On July 11, 1963, the South African police launched a surprise attack on Lilliesleaf Farm and nearly ended the anti-apartheid movement by incarcerating several heads of Spear of the Nation, the militant wing of the African National Congress.
The authorities seized valuable intelligence and convicted Nelson Mandela and several other men of sabotage and conspiracy to overthrow the government. In 1962, Mandela was arrested for minor offenses. But it was the Rivonia Trial of 1963, in response to the farm raid, where he was sentenced to life in prison.
The raid on Lilliesleaf Farm was an instrumental event in the history of South African anti-apartheid. To forget Lilliesleaf would be, in the words of Professor Richard Hull of New York University, “a serious omission.”
In fact, Hull speculates, “If Mandela had not been arrested and imprisoned, one wonders if he would have lived for many more years because South African security forces became more vicious and repressive [after Liliesleaf].”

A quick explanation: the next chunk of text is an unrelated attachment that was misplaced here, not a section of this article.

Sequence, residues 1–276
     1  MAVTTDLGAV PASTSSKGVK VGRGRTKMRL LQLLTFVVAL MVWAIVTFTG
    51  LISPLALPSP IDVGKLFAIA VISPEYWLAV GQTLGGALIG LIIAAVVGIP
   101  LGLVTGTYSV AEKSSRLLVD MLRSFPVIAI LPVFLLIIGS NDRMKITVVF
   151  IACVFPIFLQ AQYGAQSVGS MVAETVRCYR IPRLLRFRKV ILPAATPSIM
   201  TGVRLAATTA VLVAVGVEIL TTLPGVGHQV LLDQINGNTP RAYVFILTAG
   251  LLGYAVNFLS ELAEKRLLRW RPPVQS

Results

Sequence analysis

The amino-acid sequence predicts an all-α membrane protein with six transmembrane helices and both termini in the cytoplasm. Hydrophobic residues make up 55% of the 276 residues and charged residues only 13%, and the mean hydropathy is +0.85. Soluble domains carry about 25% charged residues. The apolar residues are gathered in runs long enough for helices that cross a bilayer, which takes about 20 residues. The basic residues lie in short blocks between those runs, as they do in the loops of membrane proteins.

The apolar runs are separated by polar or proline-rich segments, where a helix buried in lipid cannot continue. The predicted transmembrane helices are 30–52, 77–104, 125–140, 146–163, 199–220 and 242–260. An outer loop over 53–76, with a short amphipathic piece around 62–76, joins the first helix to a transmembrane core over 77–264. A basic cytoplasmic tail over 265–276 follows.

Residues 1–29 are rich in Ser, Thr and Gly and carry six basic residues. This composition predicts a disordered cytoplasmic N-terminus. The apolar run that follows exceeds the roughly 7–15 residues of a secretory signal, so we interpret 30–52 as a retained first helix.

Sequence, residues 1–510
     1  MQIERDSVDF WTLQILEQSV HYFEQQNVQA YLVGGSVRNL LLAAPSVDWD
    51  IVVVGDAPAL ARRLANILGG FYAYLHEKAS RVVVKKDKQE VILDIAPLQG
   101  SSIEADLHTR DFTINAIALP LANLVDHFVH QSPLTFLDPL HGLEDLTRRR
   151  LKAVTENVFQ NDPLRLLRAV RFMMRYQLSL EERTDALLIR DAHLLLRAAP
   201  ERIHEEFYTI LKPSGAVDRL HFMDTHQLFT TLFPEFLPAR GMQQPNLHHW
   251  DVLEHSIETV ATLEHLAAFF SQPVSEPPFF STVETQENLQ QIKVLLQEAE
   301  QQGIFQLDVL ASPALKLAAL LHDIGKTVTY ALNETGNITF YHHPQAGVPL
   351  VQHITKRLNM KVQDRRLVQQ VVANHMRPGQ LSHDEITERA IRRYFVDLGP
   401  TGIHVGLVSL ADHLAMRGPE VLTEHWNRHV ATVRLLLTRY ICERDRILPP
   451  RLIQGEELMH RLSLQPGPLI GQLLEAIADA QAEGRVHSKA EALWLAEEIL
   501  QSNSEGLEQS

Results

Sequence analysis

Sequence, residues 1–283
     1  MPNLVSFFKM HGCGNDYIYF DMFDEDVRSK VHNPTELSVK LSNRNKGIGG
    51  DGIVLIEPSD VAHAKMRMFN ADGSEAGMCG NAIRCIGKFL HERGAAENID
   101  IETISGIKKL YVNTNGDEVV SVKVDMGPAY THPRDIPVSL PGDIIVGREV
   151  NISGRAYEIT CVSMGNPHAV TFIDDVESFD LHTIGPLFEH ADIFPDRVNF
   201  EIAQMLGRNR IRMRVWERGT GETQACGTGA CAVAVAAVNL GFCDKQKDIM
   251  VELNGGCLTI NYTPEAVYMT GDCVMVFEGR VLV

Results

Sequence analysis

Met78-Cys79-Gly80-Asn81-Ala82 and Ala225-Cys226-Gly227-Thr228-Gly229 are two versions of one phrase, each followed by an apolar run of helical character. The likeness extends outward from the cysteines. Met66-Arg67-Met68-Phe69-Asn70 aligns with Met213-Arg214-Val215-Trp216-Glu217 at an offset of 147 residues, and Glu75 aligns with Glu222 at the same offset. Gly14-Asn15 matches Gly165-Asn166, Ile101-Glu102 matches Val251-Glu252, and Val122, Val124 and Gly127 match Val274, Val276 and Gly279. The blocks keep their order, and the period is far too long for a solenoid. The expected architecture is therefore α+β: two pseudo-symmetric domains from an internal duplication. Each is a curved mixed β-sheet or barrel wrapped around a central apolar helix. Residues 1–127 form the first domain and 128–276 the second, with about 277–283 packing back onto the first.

The decades after the raid were marked by an “acceleration and erosion” of the civil rights of anti-apartheid activists. It is speculated that the government would have likely silenced Mandela by assassination, had he not been in jail, as they did the anti-apartheid leader, Steve Biko.
Mandela co-founded Umkhonto we Sizwe, Spear of the Nation. The group worked in secret on Lilliesleaf Farm just outside Johannesburg between 1961 and 1963. In 1961, they began guerrilla attacks on key government infrastructural installations.
Today, Lilliesleaf Farm is a popular attraction commemorating the efforts of those ANC leaders who fought apartheid.
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(Photo: Christopher Furlong/Getty Images)
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